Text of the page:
J. H. Sullivan
    (landnrailroader)
    Your computer in general will be slower now too. You got the January security update for the Meltdown and Spectre bugs. Also, since your CPU is less than 5 years old, you probably got the Intel microcode patch too, which further slows things. Let us know if you start to get frequent random reboots; that's appeared (per the nerd press) in many (especially but not exclusively Haswell and Broadwell architecture) i-series chips since the microcode update, and Intel has advised people not to do them for a bit while they try to figure out what's happening. Not that you have much choice with Windows updates any more. You might want to talk to your supplier about reverting the January updates, especially if the reboot issue arises. There's an outside chance (if the Intel microcode updates were applied and can't be backed out) that you might need a new CPU.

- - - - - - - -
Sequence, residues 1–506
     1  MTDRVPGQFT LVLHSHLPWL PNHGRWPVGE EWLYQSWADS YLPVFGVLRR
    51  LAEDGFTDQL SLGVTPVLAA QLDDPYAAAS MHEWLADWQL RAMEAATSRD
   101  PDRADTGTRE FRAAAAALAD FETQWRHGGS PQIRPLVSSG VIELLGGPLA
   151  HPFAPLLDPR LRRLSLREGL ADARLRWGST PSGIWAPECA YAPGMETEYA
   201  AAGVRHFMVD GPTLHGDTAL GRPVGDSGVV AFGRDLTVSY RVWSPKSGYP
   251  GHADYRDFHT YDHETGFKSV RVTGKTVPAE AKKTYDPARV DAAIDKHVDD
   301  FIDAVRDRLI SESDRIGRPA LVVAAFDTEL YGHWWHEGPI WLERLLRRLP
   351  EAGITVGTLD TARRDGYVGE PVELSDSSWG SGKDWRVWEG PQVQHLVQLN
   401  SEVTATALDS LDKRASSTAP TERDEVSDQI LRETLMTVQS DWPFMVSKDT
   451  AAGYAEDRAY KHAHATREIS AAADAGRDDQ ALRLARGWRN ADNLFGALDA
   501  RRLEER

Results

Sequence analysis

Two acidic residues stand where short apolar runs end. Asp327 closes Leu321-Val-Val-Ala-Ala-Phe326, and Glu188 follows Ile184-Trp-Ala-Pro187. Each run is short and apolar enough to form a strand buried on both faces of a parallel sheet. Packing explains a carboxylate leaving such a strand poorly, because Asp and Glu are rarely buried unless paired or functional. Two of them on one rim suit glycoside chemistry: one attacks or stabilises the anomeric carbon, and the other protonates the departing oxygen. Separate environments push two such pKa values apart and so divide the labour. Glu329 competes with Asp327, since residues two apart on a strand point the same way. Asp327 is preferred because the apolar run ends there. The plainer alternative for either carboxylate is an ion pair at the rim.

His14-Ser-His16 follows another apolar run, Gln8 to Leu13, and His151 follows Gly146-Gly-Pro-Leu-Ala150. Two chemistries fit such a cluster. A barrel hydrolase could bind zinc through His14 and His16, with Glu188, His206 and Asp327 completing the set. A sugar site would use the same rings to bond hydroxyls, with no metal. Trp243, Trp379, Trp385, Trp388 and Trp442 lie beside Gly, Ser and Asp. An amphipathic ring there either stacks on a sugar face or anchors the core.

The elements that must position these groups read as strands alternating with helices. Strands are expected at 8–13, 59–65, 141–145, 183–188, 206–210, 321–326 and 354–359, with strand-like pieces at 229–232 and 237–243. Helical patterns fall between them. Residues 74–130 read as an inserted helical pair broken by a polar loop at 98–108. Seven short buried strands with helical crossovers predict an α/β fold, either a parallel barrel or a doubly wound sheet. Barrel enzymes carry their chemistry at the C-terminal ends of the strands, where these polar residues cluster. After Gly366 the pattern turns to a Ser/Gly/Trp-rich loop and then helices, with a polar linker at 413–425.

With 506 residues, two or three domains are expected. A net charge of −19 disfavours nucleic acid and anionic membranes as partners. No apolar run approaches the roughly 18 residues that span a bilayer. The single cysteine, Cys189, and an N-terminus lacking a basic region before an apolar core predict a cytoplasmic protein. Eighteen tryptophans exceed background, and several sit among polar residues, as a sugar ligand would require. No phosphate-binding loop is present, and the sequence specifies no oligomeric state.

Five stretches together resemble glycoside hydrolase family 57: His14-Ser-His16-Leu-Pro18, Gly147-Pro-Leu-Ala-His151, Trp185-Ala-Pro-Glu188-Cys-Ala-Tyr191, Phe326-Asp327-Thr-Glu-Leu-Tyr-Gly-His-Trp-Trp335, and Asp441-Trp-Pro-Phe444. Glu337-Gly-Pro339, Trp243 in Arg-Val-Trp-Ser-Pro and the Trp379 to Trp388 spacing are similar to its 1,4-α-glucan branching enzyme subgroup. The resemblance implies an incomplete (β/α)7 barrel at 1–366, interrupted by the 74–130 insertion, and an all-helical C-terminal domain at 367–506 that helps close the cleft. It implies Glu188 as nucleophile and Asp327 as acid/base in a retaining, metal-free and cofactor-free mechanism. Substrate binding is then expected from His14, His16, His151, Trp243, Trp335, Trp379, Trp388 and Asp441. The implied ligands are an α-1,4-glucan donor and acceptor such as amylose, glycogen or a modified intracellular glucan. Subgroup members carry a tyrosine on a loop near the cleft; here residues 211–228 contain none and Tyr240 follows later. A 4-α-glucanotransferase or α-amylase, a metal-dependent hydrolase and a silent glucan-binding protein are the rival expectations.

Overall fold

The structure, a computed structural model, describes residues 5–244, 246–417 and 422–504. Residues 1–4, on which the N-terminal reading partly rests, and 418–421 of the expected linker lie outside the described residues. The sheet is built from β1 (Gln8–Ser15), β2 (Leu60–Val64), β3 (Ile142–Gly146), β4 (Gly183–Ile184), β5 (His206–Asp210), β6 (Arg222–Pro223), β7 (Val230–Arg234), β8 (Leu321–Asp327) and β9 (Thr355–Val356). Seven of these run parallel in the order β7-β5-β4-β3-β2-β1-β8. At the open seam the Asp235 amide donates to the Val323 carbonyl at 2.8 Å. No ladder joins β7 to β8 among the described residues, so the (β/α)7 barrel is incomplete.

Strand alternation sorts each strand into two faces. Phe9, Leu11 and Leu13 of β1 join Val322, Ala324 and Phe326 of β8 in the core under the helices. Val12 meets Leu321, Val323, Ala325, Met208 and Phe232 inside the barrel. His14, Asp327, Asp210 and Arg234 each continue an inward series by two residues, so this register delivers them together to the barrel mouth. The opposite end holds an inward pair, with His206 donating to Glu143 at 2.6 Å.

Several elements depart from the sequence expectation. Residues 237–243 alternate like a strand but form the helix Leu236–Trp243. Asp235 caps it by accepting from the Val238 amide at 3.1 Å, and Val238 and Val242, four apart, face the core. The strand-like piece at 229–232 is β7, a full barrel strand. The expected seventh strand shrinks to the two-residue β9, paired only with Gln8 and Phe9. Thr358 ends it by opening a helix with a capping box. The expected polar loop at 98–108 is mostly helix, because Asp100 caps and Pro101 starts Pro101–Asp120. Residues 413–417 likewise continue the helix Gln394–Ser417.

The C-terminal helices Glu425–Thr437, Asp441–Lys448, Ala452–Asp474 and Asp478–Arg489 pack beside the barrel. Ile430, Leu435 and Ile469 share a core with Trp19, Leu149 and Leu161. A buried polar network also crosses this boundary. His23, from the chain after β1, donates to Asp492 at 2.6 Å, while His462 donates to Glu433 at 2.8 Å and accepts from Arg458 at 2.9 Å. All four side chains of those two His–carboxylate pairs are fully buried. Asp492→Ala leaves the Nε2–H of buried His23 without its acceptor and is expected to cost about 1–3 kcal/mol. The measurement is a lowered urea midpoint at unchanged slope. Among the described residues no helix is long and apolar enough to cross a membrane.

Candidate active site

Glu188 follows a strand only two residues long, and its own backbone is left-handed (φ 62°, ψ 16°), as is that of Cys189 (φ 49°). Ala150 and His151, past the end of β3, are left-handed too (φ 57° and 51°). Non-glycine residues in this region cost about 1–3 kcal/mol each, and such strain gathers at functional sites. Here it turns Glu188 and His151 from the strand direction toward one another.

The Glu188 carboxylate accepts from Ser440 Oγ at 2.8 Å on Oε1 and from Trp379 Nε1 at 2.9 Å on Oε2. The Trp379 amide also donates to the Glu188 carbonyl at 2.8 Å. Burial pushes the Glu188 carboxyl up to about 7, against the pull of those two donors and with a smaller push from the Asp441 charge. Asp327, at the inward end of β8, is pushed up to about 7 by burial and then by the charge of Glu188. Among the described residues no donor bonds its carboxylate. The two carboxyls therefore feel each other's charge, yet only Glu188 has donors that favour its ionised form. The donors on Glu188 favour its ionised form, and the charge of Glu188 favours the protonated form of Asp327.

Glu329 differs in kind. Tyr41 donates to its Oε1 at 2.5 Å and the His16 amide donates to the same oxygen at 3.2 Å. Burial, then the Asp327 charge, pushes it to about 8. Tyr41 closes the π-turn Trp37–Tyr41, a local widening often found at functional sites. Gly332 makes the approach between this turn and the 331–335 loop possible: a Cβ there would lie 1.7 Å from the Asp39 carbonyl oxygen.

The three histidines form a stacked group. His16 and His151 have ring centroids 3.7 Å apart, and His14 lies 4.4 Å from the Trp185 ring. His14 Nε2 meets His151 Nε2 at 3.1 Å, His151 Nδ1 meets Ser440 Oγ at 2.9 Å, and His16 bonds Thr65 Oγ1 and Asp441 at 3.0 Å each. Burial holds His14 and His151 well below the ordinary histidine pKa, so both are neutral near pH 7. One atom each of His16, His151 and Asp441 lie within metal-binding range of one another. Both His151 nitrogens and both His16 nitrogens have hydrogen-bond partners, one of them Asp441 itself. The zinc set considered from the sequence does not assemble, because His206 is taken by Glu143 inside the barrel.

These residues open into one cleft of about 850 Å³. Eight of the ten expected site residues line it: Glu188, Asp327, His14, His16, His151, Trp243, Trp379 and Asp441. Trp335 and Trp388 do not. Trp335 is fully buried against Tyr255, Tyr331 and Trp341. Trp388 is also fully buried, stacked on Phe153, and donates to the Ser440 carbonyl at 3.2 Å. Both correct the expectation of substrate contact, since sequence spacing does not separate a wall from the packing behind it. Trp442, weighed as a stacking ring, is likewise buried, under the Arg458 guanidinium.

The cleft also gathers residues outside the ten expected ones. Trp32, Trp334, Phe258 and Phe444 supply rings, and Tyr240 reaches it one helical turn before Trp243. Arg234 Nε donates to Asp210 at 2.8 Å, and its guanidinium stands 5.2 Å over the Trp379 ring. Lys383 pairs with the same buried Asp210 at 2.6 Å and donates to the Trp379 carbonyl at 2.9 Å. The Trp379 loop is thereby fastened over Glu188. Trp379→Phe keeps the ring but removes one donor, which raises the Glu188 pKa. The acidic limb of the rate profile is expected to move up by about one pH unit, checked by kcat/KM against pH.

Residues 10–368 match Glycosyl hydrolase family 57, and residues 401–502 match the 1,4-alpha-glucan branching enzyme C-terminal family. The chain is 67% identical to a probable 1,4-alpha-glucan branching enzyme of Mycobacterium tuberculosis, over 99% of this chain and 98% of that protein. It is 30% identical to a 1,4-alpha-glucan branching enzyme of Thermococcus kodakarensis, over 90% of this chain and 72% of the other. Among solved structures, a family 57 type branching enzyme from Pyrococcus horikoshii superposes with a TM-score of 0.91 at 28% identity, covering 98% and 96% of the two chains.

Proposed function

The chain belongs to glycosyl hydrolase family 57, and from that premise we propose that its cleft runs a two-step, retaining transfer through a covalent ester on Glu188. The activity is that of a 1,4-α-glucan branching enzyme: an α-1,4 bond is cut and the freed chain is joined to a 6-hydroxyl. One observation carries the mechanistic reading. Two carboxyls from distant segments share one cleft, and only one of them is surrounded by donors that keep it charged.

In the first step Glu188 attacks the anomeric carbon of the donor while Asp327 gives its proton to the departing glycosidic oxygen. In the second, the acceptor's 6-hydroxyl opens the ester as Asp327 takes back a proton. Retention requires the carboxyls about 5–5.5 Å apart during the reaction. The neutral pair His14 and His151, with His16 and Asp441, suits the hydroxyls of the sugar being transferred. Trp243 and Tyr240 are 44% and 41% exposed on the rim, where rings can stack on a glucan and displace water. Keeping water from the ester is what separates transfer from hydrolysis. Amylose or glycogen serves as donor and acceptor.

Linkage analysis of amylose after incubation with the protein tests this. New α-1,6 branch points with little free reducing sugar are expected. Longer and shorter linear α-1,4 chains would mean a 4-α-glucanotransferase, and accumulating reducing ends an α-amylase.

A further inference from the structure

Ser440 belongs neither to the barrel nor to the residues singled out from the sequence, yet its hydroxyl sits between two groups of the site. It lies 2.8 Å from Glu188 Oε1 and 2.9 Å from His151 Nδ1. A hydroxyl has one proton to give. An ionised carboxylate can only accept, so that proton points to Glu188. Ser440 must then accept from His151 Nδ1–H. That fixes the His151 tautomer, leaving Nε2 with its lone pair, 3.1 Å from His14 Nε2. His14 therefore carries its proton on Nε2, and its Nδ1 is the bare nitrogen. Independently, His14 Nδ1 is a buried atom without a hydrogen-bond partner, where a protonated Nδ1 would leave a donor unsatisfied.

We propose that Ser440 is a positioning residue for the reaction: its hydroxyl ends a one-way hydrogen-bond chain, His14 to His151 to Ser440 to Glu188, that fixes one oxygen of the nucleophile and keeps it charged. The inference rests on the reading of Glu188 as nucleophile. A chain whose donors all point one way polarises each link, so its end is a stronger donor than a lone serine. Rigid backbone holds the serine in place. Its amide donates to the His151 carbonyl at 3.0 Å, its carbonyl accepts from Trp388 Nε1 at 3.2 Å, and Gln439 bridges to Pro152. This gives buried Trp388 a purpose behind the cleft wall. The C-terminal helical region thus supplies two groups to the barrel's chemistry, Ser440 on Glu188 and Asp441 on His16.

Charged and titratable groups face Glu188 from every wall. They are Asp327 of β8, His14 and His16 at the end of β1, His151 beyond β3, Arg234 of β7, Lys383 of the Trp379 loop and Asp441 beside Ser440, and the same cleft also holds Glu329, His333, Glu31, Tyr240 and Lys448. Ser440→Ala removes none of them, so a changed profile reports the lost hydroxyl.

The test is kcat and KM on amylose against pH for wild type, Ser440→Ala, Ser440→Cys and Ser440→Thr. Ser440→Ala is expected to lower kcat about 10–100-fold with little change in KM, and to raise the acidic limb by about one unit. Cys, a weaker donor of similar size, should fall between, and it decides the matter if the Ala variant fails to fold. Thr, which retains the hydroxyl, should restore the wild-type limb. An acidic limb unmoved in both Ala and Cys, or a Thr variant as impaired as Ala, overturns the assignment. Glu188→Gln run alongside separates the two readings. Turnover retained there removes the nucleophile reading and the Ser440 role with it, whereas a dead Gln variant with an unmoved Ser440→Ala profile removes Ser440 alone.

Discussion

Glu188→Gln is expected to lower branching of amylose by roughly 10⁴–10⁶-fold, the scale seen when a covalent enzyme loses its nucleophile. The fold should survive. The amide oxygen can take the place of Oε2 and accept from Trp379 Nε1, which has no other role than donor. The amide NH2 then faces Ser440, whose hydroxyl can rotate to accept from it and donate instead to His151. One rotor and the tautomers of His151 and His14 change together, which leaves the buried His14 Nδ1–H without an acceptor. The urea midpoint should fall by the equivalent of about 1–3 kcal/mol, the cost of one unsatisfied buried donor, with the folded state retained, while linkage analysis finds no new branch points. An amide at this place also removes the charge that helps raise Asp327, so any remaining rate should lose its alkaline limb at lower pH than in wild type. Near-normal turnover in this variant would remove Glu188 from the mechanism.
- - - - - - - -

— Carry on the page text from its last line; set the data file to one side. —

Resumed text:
Good luck!

  3. #3
    Join Date
    Nov 1999
    Location
    Jacksonville,, FL, USA.
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    Default

    So far, so good. After completion of the update, and the reboot involved, it has not rebooted on it's own, and I haven't
    noticed any slower speed, although considering the speed of a quad-processor, it would probably take good instruments
    to detect much of a slowup. My practice is to "sleep" the computer when not in use, unless I am going to be out of town,
    and to reboot the machine weekly. The current Mobo and processor were installed in 2/2015.

    landnrailroader

  4. #4

    Default

    Is there a way to revert this update? I feel like it slowed down my PC for 10-20% at least. This sucks, man.

  5. #5
    Join Date
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    Pacific Time
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    You can revert it the same way you revert other updates. However, the January patches (which themselves got some later updates, especially for AMD CPUs which were soft-bricked by the original patches) do mitigate some serious errors in the CPU.